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  • FIRST POST
    • jmd4eva
    • By jmd4eva 1st Mar 10, 9:33 PM
    • 199Posts
    • 378Thanks
    jmd4eva
    "Stealing" out of rubbish bins/skips
    • #1
    • 1st Mar 10, 9:33 PM
    "Stealing" out of rubbish bins/skips 1st Mar 10 at 9:33 PM
    I don't know if this is the right place to put this but....

    Is it illegal to take things out of rubbish bins/skips?

    Have found some good stuff and want to know if it is ok to sell on Ebay.... and i'm not talking rubbish/junk but good quality gear from a club that is closing down.
Page 1
  • bigpound
    • #2
    • 1st Mar 10, 9:41 PM
    • #2
    • 1st Mar 10, 9:41 PM
    I don't know but everybody does it, it's almost like a past time in this country, like fish'n'chips. I would get it before somebody else does if I were you.

    • soolin
    • By soolin 1st Mar 10, 9:47 PM
    • 56,943 Posts
    • 40,130 Thanks
    soolin
    • #3
    • 1st Mar 10, 9:47 PM
    • #3
    • 1st Mar 10, 9:47 PM
    I don't know if it is illegal or not but I noticed that when someone says 'they got it out of a skip' on Antiques roadshow no one tells them off. However, when they say they found it with a metal detector a printed warning comes up on screen telling people that all such finds need to be reported to the local Coroner.

    When I cleared my fathers house I threw lots of very good things in to a skip desperately hoping someone would take them. In the end i even put the better things by the side of the skip with a notice saying 'please help yourself', and not one thing disappeared.
    I'm the Board Guide for the Ebay Board , Charities Board , Dosh & Disability , Up Your Income and the Local MoneySaving-England board which means I'm a volunteer to help the boards run smoothly, and I can move posts there. However, do remember, board guides don't read every post. If you spot an illegal or inappropriate post then please report it to forumteam@moneysavingexpert.com (it's not part of my role to deal with this). Any views are mine and not the official line of MoneySavingExpert.com
    New to Forum? Guide
    • 9217niall
    • By 9217niall 1st Mar 10, 9:49 PM
    • 320 Posts
    • 163 Thanks
    9217niall
    • #4
    • 1st Mar 10, 9:49 PM
    • #4
    • 1st Mar 10, 9:49 PM
    Finders keepers.
    I would assume it would be fine.
    Once had 3 people in my mum's skip - all they took were the unwanted umbrellas!
  • cyberbob
    • #5
    • 1st Mar 10, 10:23 PM
    • #5
    • 1st Mar 10, 10:23 PM
    Technically whoever owns the skip (or has hired it) owns the rubbish. So if you want something from one you need to ask permission otherwise it could however unlikely get classified as theft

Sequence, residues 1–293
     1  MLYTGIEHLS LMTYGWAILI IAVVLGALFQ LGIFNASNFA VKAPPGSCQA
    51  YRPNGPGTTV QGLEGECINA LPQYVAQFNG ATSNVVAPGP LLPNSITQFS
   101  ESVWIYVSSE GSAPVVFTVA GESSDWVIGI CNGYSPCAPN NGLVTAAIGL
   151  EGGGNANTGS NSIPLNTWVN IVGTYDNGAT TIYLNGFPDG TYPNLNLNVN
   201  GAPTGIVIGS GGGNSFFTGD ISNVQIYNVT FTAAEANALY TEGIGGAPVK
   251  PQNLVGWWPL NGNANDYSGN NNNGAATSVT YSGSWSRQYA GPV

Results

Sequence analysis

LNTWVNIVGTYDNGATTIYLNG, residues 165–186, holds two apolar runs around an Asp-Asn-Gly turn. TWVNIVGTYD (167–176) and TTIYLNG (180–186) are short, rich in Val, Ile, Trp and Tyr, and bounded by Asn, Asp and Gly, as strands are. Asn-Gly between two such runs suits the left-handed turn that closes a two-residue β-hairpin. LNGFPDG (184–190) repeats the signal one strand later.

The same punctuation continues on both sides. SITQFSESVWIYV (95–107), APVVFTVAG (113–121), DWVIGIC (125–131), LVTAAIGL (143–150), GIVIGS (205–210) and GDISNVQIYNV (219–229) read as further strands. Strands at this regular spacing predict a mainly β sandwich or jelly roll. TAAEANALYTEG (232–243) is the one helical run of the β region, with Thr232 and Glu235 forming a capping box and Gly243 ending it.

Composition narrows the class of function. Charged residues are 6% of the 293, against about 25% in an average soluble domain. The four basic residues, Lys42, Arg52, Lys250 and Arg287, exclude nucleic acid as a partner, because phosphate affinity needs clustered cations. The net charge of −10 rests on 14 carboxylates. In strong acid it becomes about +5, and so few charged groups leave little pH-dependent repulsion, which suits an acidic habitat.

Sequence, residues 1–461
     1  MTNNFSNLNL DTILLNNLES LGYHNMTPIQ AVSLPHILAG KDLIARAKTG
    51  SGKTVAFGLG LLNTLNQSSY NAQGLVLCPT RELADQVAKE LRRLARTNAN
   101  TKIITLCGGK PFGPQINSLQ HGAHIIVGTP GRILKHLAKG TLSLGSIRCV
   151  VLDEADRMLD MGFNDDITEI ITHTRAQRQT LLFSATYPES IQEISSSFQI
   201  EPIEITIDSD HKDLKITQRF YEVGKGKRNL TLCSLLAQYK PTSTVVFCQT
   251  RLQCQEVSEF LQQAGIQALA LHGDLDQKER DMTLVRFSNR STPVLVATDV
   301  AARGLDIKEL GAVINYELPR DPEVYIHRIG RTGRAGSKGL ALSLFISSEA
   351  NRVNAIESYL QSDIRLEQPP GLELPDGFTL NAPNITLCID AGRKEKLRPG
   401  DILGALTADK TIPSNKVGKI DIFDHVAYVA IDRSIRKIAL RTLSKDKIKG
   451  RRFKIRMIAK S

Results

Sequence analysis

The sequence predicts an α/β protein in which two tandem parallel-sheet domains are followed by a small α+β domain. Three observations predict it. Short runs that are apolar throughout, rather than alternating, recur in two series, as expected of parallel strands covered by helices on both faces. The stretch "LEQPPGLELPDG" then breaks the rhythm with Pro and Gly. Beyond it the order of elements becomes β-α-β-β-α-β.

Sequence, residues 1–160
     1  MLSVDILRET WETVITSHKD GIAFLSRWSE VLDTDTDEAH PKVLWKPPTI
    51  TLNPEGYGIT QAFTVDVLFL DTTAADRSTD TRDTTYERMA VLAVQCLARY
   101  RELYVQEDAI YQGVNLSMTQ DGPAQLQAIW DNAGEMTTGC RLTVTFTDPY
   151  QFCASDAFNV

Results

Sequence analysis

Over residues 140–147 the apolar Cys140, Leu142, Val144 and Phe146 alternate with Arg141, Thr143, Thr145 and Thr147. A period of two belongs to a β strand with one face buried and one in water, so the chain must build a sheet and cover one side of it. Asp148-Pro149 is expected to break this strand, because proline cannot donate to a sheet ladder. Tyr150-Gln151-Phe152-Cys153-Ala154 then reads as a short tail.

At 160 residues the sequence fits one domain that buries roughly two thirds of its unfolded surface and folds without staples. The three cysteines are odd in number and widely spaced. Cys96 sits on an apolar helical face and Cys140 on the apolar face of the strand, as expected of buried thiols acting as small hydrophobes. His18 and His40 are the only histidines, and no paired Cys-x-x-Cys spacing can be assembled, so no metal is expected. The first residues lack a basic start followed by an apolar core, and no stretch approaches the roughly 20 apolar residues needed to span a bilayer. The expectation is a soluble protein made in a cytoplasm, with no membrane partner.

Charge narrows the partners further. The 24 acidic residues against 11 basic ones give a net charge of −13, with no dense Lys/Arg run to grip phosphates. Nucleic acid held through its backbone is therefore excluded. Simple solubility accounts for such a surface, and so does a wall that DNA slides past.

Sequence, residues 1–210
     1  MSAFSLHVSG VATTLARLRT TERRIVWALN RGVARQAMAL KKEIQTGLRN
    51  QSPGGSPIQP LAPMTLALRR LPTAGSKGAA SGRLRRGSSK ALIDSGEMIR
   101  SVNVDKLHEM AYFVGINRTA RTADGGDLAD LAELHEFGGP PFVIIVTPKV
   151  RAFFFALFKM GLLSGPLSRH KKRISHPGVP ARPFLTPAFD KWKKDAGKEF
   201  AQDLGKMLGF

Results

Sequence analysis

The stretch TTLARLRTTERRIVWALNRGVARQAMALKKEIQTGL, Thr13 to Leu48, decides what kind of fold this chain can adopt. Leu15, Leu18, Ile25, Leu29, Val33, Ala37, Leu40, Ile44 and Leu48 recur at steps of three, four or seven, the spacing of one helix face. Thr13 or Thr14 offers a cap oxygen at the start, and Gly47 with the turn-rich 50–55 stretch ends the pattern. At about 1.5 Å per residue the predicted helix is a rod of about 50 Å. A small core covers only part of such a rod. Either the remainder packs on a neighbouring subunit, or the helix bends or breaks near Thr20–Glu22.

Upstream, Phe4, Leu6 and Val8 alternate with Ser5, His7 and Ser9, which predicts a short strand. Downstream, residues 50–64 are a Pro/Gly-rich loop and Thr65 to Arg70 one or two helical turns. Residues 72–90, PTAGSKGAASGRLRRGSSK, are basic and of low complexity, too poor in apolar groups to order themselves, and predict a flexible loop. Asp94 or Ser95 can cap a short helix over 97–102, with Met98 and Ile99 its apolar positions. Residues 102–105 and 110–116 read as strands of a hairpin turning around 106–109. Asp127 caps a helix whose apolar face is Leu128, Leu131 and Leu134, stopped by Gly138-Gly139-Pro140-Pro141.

• geordie joe
    • By geordie joe 1st Mar 10, 10:41 PM
    • 8,399 Posts
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    geordie joe
    • #6
    • 1st Mar 10, 10:41 PM
    • #6
    • 1st Mar 10, 10:41 PM
    Been through this several times on the green and ethical board.

    Taking stuff out of a skip is (mostly) not stealing.

    It is all to do with the legal definition of theft.

    Theft Act 1978
    Theft (Amendment) Act 1996
    Basic definition of theft
    1.--
    • (1) A person is guilty of theft if he dishonestly appropriates property belonging to another with the intention of permanently depriving the other of it; and 'thief' and 'steal' shall be construed accordingly.
    How can you dishonestly appropriate property with the intention of permanently depriving the other of it, when 'the other' has taken steps to permanently deprive themselves of it by throwing in a skip.

    You could be guilty of theft, if the owner was not "throwing out" the contents of the skip.

    Example: If a builder is renovating a house and puts all the copper pipe, radiators etc. in a separate skip with the intention of reusing or selling them for scrap. In this case it would have to be proved that you knew they were not rubbish to be thrown out.
    • babyshoes
    • By babyshoes 1st Mar 10, 10:52 PM
    • 1,711 Posts
    • 3,323 Thanks
    babyshoes
    • #7
    • 1st Mar 10, 10:52 PM
    • #7
    • 1st Mar 10, 10:52 PM
    Leaving aside the legality of removing items from a skip, you have to be careful about trespassing!
    • Pound
    • By Pound 1st Mar 10, 11:00 PM
    • 2,470 Posts
    • 1,192 Thanks
    Pound
    • #8
    • 1st Mar 10, 11:00 PM
    • #8
    • 1st Mar 10, 11:00 PM
    Leaving aside the legality of removing items from a skip, you have to be careful about trespassing!
    Originally posted by babyshoes
    Trespassing isn't a criminal offense. The owner of the land could sue for damages but there wouldn't usually be any.
  • Misstress
    • #9
    • 1st Mar 10, 11:01 PM
    • #9
    • 1st Mar 10, 11:01 PM
    You go aroudn disgusting stinking rubbish dumps searching through disgisting mouldy diseased rubbish and rot in the hope of finding something that someone else through in the bib but that you could take home and sell to make afew pounds profit??!!


    Seriously, that isnt moneysaving, its just weird and disgusting, not to mention unhygenic and dangerous!!
    Originally posted by UnemployedAndLovingIt
    No, he/she looks in the skips that are outside peoples houses.
  • Sian the Green
    You go aroudn disgusting stinking rubbish dumps searching through disgisting mouldy diseased rubbish and rot in the hope of finding something that someone else through in the bib but that you could take home and sell to make afew pounds profit??!!


    Seriously, that isnt moneysaving, its just weird and disgusting, not to mention unhygenic and dangerous!!
    Originally posted by UnemployedAndLovingIt
    Have you read the original post? I don't think rubbish dumps were mentioned once, neither was "disgisting (sic)" rubbish. I think this is referring to a specific bin, which sounds like it is a non food bin. I took a set of chess pieces from a broken box on top of a bin today. I'll find a use for them, in a rubbish dump they will become waste